Skip to comments.Excerpts From Jefferson's Second Inaugural Address
Posted on 01/21/2005 3:45:25 PM PST by boothead
During this course of administration, and in order to disturb it, the artillery of the press has been leveled aginst us, charged with whatsoever its licentiousness could devise or dare. These abuses of an institution so important to freedom and science are deeply to be regretted, inasmuch as they tend to lessen its usefulness and to sap its safety. They might, indeed, have been corrected by the wholesome punishments reserved to and provided by the laws of the several States against falehood and defamation, but public duties more urgent press on the time of public servants, and the offenders have therfore been left to find their punishment in the public indignation.
The experiment has been tried; you have witnessed the scene; our fellow citizens looked on, cool and collected; they saw the latent source from which these outrages proceeded; they gathered around their public functionaries, and when the Constitution called them to the decision by suffrage, they pronounced their verdict, honorable to those who had served them and consolatory to the friend of man who believe that he may be trusted with control of his own affairs.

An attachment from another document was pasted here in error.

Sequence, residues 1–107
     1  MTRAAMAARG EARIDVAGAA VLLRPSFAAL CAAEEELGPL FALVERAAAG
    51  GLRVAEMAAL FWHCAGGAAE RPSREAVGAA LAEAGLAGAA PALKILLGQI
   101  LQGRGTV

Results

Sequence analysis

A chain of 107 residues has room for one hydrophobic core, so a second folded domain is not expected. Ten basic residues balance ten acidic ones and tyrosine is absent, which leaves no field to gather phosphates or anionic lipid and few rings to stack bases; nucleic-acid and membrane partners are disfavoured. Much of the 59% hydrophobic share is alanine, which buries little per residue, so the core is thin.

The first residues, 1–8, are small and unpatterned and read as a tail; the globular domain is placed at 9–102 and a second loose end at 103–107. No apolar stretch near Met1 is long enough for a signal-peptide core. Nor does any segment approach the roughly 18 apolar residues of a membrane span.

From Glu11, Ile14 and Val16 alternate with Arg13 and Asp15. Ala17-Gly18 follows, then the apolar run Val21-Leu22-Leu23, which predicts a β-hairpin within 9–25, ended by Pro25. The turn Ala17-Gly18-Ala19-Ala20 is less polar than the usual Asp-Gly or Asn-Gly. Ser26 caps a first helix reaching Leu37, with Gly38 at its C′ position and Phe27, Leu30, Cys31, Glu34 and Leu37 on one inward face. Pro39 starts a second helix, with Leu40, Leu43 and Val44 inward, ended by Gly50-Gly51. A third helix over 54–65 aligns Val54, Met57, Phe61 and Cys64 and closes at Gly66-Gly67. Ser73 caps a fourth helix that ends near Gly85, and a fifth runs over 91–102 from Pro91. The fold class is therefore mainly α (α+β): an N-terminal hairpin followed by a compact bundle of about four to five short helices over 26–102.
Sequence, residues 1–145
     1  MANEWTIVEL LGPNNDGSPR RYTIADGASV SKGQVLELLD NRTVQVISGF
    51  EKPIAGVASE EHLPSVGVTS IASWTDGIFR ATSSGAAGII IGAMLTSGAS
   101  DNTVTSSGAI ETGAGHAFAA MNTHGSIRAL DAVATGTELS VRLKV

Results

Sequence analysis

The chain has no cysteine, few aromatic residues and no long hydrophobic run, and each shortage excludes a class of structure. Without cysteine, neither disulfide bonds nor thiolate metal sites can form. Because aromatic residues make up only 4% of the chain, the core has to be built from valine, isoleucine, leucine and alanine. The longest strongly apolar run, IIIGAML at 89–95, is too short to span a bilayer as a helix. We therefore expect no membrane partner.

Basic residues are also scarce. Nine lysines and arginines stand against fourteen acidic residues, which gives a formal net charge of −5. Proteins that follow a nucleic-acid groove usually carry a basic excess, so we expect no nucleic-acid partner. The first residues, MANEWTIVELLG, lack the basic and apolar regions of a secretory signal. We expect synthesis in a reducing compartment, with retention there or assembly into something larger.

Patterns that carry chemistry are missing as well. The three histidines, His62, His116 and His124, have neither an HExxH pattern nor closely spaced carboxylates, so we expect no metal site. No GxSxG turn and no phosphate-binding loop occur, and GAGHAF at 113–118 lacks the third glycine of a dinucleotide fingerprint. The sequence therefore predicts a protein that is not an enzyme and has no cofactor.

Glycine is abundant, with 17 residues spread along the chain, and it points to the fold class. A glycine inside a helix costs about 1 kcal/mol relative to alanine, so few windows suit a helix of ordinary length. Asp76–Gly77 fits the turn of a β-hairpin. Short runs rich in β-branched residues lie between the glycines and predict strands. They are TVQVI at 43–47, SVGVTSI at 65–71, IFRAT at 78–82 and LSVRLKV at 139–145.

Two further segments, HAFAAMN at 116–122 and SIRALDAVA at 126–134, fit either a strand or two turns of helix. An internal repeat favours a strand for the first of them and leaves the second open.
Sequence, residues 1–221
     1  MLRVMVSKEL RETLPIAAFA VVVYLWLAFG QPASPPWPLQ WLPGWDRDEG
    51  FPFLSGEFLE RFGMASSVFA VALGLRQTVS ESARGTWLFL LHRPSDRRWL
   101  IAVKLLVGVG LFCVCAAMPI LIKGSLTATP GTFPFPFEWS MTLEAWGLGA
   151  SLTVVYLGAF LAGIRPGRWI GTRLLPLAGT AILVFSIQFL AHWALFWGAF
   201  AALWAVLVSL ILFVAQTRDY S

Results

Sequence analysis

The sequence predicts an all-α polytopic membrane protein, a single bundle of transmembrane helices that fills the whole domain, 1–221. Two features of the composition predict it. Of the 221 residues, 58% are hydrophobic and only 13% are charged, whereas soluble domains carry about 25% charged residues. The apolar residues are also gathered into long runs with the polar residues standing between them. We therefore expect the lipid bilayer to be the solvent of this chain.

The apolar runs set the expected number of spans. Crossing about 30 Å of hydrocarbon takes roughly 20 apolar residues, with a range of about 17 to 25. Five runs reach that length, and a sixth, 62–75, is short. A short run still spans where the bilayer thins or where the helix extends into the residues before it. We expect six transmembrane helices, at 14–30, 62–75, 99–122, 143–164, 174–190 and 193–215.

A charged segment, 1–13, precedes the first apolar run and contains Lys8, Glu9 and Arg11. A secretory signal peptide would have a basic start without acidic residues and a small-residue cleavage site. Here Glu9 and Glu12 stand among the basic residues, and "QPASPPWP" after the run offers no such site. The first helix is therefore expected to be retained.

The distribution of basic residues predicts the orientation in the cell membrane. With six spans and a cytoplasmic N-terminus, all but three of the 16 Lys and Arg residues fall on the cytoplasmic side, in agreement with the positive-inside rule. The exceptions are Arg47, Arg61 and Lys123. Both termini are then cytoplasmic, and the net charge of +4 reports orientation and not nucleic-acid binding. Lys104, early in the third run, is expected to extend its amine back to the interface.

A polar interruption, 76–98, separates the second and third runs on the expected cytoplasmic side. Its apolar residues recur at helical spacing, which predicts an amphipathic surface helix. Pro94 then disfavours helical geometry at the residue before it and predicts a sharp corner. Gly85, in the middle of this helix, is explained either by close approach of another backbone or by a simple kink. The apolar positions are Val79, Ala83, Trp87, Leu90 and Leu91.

Licentiousness such as forged documents?
The recipient of Jefferson's letter would be John Tyler (1747-1813), the father of the tenth President of the United States.
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